But what about the profit opportunity?  Now Oracle is a company run by investment bankers these days, but it is a company that banks serious profits – over $4 billion last year with net margins approaching 25%.  When they look at business opportunities, they are looking for big profit pools.

Larry Dignan at ZDNet jumped in and channeled his namesake:

What Ellison could have said [is that] no one has found a way to make gobs of money in SaaS. is profitable but you could find the $481,000 the company made in its latest fiscal year in Ellison’s couch. Indeed, without maintenance fees SaaS may be less profitable in the long run.

However, Ellison can make these comments precisely because Oracle has its SaaS plan ready–it’s called NetSuite.

I think he was a lot closer with the first paragraph than the speculation in the second paragraph.  Larry does have a personal investment in NetSuite that is raising interesting questions as NetSuite tries to go public, but I believe that is irrelevant.  No matter how you look at it, a subscription-based SMB-focused SaaS model at scale looks like a tough business model.  NetSuite certainly has no solution to the financial challenges as we’ll see below.

Nick Carr also noticed Larry’s comment in a good piece on the shifting sands of enterprise software although he displays less than his usual level of certainty:

How will the competition play out? I wish I knew. There are at least two unknown variables: the speed with which the SaaS model penetrates larger companies, and the ultimate profitability of the SaaS model. There are some indications that the adoption of SaaS is advancing more quickly than expected, but there are also indications that the hype may at the moment be getting out ahead of the technology. As for profitability, about all we can say is that Ellison is probably right: SaaS is unlikely to be as lucrative as the old licensing model that it’s replacing – which happens to be very good news for customers.

Profitless prosperity may be great for customers, but at some point companies and their investors will have to find some profits or the activity will come to an end (unless you’re in the airline business).


That was a really verbose motivation to take a look at’s financials and make a prediction about their stock price direction.  As the SaaS poster child, they offer some interesting lessons in the search for potential profits from SMB SaaS.  My conclusion is that the poster child’s economics are not only not the shining beacon for the industry you’d expect but actually a disappointment.  Lets go to the numbers:

  • Revenue: $613 million over the last four quarters.  Up from $497 million for the last full fiscal year (we’re half way through the latest fiscal year), which in turn was up 60% on the prior year.  No doubt Salesforce has been a great revenue growth story.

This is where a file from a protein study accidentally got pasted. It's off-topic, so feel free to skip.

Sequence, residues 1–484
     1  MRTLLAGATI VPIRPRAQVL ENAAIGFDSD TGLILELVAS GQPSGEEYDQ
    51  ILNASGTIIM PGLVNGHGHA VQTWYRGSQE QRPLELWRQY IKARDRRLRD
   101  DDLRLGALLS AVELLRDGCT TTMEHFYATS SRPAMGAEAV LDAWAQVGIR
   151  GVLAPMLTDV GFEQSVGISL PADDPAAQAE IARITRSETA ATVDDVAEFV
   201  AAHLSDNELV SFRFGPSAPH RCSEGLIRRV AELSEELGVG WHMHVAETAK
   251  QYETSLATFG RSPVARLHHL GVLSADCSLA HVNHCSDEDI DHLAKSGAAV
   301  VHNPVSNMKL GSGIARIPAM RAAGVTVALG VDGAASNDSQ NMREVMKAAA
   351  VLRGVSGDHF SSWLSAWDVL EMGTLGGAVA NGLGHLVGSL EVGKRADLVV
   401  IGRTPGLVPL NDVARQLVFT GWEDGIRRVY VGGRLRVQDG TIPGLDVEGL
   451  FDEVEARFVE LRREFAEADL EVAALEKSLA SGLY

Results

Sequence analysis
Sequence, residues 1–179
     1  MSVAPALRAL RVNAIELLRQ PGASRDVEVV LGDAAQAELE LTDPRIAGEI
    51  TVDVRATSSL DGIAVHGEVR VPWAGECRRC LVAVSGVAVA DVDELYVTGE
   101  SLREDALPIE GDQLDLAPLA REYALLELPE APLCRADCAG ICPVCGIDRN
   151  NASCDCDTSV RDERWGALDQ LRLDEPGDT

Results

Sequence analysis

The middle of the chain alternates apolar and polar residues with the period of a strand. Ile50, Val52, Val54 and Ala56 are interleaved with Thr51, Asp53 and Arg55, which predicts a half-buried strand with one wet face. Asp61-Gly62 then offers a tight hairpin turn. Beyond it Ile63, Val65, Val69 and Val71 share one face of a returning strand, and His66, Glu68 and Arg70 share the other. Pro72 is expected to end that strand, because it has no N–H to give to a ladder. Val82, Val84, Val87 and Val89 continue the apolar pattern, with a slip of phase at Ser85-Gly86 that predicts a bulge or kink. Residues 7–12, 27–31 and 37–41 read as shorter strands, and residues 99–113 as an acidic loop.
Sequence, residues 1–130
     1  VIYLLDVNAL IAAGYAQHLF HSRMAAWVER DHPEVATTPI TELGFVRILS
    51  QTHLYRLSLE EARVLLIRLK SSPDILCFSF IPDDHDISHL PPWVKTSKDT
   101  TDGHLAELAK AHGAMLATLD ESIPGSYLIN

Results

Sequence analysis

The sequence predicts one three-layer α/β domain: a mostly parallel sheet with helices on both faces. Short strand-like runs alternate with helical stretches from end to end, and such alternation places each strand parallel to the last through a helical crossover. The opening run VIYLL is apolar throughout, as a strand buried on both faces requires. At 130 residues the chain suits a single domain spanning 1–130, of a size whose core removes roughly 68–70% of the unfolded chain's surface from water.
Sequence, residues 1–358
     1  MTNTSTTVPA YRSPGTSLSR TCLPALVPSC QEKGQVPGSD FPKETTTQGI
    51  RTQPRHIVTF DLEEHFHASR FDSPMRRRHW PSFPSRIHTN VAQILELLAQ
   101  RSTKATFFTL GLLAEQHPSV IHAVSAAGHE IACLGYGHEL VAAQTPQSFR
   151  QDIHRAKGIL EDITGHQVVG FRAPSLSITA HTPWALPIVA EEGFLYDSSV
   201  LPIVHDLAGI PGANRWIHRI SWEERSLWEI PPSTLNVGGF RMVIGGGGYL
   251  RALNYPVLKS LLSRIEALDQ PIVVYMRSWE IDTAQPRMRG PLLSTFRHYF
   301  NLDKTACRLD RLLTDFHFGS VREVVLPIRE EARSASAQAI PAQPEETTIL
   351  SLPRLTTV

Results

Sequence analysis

• Earnings: $8.17 million over the last four quarters, up from Dignan’s $481,000 in couch money for the last full fiscal year (but below 2006’s $28 million).  They’re not doing a great job turning that revenue growth into profits, and this is a company that has been around since 1999.
  • Interest income: $22.43 million in the last four quarters, which is nearly three times the company’s overall net profit in the same period.  Hmm…
  • Valuation: Salesforce has a market capitalization of over $6 billion as I write this and trades at a forward P/E of over 500.  That valuation is supported by less than a million dollars per month of profit and no profit if you take out interest income.  Wall Street has some mighty big expectations for future profits.

So where will those profits come from?  The problem is there is a giant sucking sound on the income statement that exerts massive drag on profits: sales and marketing which is a proxy for what it costs to acquire customers.  Bruce Richardson at AMR computed the numbers:

Over the last six quarters, has spent between 49.7% and 51.1% of revenue on sales and marketing.

NetSuite is no better  and could be worse, again from Bruce Richardson:

As NetSuite’s Zach Nelson pointed out in The Wall Street Journal (September 19, 2007), even with free trials, it tak
es two months and three to five product demonstrations to close a sale. He was quoted as saying, “It isn’t easy to figure out how to acquire customers and keep them happy at a low enough cost that you still earn healthy margins.”

A cursory review of NetSuite’s financials in their recent S-1 filing to go public shows they lost $23 million on $67 million in calendar 2006 and while they have a nice revenue hockey stick over the last three years, the profit line is borderline horizontal and well below the x-axis (i.e. in the red).  They also call out explicitly the challenges of SMB customer acquisition:

Our customers are small and medium-sized businesses, which can be challenging to cost-effectively reach, acquire and retain.